Greta Thunberg to sail Atlantic for climate conferences

  • Published
Media caption,

The Swedish teen behind the climate strikes

Swedish climate activist Greta Thunberg has accepted a ride across the Atlantic by boat to attend two key climate conferences.

The teenager will make the journey aboard the Malizia II, a high-speed 18-metre (60ft) yacht built to race around the globe.

Thunberg refuses to fly because of the environmental impact of air travel.

In a Facebook post, Team Malizia said they were "honoured to sail Greta Thunberg emission free across the Atlantic".

This Facebook post cannot be displayed in your browser. Please enable Javascript or try a different browser.View original content on Facebook
The BBC is not responsible for the content of external sites. Facebook content may contain adverts.
Skip facebook post by Team Malizia - Yacht Club De Monaco

Allow Facebook content?

This article contains content provided by Facebook. We ask for your permission before anything is loaded, as they may be using cookies and other technologies. You may want to read Meta’s Facebook cookie policy, external and privacy policy, external before accepting. To view this content choose ‘accept and continue’.

The BBC is not responsible for the content of external sites. Facebook content may contain adverts.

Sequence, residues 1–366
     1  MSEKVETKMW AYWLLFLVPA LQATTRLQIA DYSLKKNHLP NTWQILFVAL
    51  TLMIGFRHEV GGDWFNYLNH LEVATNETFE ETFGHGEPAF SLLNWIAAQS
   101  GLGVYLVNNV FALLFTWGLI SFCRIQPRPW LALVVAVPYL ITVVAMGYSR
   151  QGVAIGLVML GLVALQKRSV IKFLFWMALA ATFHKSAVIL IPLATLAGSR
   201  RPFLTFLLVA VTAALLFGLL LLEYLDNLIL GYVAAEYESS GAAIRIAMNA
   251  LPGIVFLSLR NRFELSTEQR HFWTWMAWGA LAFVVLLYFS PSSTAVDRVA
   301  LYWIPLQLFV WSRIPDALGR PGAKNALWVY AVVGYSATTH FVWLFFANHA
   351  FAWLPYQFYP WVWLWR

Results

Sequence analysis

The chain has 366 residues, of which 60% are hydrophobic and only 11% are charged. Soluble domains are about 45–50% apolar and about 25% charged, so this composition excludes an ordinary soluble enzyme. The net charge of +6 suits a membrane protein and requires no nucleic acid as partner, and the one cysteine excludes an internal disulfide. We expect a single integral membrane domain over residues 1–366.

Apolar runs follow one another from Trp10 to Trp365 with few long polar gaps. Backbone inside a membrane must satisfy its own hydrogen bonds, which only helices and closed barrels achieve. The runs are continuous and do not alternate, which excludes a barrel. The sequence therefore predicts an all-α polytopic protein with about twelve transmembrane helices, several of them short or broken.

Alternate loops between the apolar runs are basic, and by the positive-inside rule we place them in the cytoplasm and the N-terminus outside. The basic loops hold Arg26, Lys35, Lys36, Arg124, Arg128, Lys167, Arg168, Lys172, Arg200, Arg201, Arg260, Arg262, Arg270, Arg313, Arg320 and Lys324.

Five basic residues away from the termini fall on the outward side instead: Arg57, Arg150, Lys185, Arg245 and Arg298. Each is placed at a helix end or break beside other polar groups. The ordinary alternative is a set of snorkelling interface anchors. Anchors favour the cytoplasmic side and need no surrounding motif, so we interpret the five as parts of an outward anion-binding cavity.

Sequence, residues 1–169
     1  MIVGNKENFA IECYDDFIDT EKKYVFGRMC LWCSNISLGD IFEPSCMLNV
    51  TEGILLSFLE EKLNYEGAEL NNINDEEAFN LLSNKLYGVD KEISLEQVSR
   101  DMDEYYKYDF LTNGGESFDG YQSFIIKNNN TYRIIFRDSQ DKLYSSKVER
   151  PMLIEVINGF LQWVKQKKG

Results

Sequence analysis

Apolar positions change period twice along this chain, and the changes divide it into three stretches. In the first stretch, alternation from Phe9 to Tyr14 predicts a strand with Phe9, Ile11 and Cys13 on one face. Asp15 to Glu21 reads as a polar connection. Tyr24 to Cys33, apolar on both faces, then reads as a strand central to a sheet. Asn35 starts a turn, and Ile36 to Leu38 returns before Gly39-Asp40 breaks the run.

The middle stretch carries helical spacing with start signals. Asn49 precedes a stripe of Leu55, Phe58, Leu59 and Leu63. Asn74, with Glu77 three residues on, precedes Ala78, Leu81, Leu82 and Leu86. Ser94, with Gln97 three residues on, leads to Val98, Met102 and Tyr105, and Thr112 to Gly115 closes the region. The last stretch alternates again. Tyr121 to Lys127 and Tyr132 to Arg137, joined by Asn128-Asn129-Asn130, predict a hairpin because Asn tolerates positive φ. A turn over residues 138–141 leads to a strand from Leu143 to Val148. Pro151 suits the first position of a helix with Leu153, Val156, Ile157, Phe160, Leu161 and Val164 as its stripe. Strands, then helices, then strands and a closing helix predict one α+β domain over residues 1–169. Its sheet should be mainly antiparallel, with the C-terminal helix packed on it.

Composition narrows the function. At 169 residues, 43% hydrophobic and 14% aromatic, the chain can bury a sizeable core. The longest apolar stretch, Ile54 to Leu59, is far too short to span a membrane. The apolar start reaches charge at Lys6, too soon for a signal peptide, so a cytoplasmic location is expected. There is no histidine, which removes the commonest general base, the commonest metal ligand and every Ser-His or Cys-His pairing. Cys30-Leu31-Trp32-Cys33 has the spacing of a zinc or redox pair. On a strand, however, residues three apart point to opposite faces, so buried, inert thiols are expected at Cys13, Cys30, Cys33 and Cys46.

End of facebook post by Team Malizia - Yacht Club De Monaco

She had previously said that she wanted to attend the UN Climate Action summit in New York on 23 September, but was struggling to work out how to make it without taking a plane or going on a cruise ship - which have similarly high emissions.

Hurricanes also often deter sailors from trans-Atlantic journeys in August.

"Taking a boat to North America is basically impossible," she previously told the Associated Press news agency.

Now, the 16-year-old will be able to attend the New York conference. She will later journey by low-carbon transport south to the annual Santiago Climate Change Conference in December.

Malizia II was built to compete in the 2016-2017 round-the-world Vendée Globe race. The high-tech vessel generates electricity through solar panels and underwater turbines.

Thunberg and her father will make the crossing with captain Boris Herrmann, Monaco royal family member Pierre Casiraghi and a Swedish documentary maker, Nathan Grossman. The journey is expected to take about two weeks.

A spokeswoman for Team Malizia told the BBC they approached Thunberg to offer to take her, and had no previous plan to sail the yacht across the Atlantic.

It is not known how the activist will return to Europe. She is staying in the Americas for nine months, so as yet Team Malizia has no plan to take her back to Europe.

The team has not yet calculated the cost of the trip.

Image source, EPA/Handout
Image caption,
Boris Herrmann, seen here captaining the Malizia II, will make the journey with Greta Thunberg
Image source, EPA/Handout
Image caption,
Team Malizia founder Pierre Casiraghi (left), a member of Monaco's royal family, will also make the journey